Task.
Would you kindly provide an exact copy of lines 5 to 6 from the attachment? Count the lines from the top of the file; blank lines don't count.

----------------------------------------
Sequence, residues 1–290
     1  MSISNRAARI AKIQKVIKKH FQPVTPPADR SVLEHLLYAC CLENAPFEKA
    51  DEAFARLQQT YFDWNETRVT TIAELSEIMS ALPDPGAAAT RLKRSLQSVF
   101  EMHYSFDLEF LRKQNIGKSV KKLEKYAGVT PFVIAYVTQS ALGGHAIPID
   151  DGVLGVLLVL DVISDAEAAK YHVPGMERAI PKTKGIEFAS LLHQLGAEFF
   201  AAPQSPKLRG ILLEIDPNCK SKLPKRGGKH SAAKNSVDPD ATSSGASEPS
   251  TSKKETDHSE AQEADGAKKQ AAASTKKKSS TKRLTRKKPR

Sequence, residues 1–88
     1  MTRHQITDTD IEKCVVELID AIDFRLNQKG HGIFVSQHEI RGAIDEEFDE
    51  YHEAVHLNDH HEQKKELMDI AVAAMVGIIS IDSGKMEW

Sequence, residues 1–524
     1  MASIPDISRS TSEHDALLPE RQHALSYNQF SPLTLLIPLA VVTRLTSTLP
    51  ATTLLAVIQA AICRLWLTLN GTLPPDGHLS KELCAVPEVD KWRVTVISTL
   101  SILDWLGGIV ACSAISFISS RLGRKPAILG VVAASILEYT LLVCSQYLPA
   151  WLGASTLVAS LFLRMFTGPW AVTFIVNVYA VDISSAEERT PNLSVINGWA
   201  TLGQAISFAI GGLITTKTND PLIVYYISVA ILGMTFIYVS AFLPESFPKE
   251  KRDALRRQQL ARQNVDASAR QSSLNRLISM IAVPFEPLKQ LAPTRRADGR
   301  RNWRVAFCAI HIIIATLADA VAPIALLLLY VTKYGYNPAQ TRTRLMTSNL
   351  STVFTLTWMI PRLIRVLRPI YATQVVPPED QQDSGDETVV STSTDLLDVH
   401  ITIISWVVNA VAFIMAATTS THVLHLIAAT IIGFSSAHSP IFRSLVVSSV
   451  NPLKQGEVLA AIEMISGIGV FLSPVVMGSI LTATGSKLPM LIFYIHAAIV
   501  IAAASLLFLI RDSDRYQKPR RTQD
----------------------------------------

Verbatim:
   151  DGVLGVLLVL DVISDAEAAK YHVPGMERAI PKTKGIEFAS LLHQLGAEFF
   201  AAPQSPKLRG ILLEIDPNCK SKLPKRGGKH SAAKNSVDPD ATSSGASEPS